Since 2003, the United States, through USAID, has been a steadfast partner of Iraq, helping enhance the country’s overall stability and promote greater prosperity for all citizens.
In January 2014, the so-called Islamic State of Iraq and Syria (ISIS) began seizing control of parts of northern and central Iraq, displacing a significant portion of the population as civilians fled their homes to seek safety. Following years of conflict and displacement, nearly 5 million people have returned home while an estimated 1.2 million people remain displaced. Destruction of housing, critical infrastructure and livelihoods, lack of basic services, on-going security risks, and social tensions continue to prevent many Iraqis from returning to their areas of origin.
Furthermore, governance challenges, lack of economic opportunities across the country, and poor essential services have led Iraqi youth to take to the streets in protest since late 2019. Iraq’s economic and fiscal crisis was exacerbated by the COVID-19 pandemic and the decline in oil revenues. The United States and Government of Iraq (GOI) are committed to cooperation to enhance security and assistance for the people of Iraq.
Since 2003, the United States, through USAID, has been a steadfast partner of the GOI in helping enhance the country’s overall stability and promote greater prosperity for all citizens. USAID’s programming in Iraq focuses on stabilizing communities, improving the transparency and accountability of government, expanding economic opportunities, supporting the development of civil society, providing life-saving humanitarian assistance, and promoting religious and ethnic pluralism.
USAID supports the GOI and Iraqi civil society to foster a system of governance that is democratic, accountable, and responsible in ways that benefit all Iraqis. USAID works with its Iraqi partners to enhance the transparency of political and governmental processes, natural resource management, and service delivery to all citizens. Through our work, USAID seeks to better integrate all civil society actors into these processes.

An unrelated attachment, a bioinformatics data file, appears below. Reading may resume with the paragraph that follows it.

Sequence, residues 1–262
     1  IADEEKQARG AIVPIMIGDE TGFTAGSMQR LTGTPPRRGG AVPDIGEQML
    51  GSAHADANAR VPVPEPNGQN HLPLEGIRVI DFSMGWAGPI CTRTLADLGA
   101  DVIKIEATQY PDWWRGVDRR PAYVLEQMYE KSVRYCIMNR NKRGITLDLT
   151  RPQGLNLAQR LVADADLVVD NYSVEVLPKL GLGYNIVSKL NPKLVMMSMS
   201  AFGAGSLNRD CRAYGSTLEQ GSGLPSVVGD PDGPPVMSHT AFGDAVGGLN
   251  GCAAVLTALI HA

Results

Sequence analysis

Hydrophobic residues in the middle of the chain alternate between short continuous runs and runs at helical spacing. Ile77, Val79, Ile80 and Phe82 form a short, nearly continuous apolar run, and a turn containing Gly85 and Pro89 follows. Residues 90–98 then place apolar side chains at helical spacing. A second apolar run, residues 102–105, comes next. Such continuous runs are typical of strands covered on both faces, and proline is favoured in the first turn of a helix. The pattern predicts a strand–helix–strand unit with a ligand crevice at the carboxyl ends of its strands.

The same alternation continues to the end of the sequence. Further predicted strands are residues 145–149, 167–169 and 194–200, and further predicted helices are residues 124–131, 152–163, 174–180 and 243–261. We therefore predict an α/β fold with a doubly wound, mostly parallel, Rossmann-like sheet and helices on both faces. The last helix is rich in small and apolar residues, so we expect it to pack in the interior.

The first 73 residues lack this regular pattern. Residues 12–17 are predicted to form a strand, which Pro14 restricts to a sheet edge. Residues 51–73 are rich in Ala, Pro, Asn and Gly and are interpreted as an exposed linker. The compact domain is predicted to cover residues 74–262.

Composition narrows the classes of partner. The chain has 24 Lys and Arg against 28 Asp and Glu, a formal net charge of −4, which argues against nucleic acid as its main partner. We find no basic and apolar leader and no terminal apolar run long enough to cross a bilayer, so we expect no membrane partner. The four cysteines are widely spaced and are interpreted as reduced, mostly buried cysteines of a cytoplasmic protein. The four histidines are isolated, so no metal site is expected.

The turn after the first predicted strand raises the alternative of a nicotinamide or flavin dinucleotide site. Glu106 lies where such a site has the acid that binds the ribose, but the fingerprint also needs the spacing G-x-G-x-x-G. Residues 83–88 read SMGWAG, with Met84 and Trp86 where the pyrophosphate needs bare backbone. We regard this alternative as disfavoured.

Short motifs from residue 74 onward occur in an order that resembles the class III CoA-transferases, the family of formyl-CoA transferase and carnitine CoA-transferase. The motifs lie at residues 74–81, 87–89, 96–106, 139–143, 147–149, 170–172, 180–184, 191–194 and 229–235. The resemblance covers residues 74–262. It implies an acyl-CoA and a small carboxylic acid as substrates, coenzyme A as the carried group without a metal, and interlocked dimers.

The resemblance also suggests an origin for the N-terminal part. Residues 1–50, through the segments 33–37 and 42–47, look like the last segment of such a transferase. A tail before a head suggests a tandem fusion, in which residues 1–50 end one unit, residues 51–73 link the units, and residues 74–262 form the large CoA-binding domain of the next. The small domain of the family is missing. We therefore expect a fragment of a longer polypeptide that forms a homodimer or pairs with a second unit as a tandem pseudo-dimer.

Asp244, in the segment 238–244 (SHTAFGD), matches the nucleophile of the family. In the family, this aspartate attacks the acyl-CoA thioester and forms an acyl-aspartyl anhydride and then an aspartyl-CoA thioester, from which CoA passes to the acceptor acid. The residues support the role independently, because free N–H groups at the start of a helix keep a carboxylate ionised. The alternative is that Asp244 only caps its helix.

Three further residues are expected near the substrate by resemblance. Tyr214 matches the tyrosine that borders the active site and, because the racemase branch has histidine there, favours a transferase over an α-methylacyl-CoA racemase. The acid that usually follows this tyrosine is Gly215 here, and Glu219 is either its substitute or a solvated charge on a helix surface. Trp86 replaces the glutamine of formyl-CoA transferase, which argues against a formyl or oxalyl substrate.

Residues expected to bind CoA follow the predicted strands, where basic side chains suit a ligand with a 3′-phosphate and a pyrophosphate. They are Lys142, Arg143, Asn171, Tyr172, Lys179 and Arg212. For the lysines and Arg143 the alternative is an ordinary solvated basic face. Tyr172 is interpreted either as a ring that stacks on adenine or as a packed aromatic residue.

USAID is helping to pull households and communities out of poverty and promote long-term economic growth by diversifying and strengthening the Iraqi private sector and improving the overall business investment climate. USAID programming also expands economic opportunity by providing technical assistance to small and medium enterprises looking to grow or rebuild and identifying and linking Iraqi businesses with sources of financing and business development.
The United States is the largest donor of humanitarian assistance in Iraq, providing $3 billion in a diverse array of targeted assistance since 2014. USAID has increased access to safe drinking water, improved sanitation, and provided hygiene supplies, which can help to protect communities and limit the spread of communicable diseases, such as COVID-19. USAID helps to supply safe and dignified shelter; address food insecurity in camps and as internally displaced persons are departing camps; and provide increased access to protection services, such as psychosocial support, prevention, and response to gender-based violence; and assistance in obtaining legal assistance for civil documentation.
Through a combination of short, medium, and long-term efforts, USAID is working with over 100 local, faith-based, and international organizations to meet the immediate, life-saving recovery needs of persecuted ethnic and religious minorities in northern Iraq to safely return and rebuild their communities after the genocide committed by ISIS. Engaging these communities is a cornerstone to all of USAID’s development work in Iraq, including several stand-alone programs focused exclusively on providing support to these communities. USAID is managing small grants to four local groups based in northern Iraq to support religious and ethnic minorities targeted by ISIS. This approach is an opportunity to directly tap into the ingenuity and knowledge of Iraqi organizations to enact impactful, innovative projects that address local needs and priorities. USAID also provides training to build local capacity to develop the skills to lead their own sustainable development and become long standing partners.
Working closely with the GOI, provincial and local governments, and local communities, USAID works to stabilize areas formerly occupied by ISIS by restoring essential infrastructure and services, such as electricity and water. USAID also works with local partners, including civil society organizations, faith-based organizations, and municipalities, to identify local priorities for recovery, improve social cohesion, and help marginalized, and displaced populations return and rebuild their places of origin. USAID’s Office of Transition Initiatives (OTI) complements these efforts through swift, strategic interventions in areas impacted by ISIS’s violent occupation by partnering with civil society organizations, faith-based groups, and local government entities to foster the durable return of communities displaced by conflict.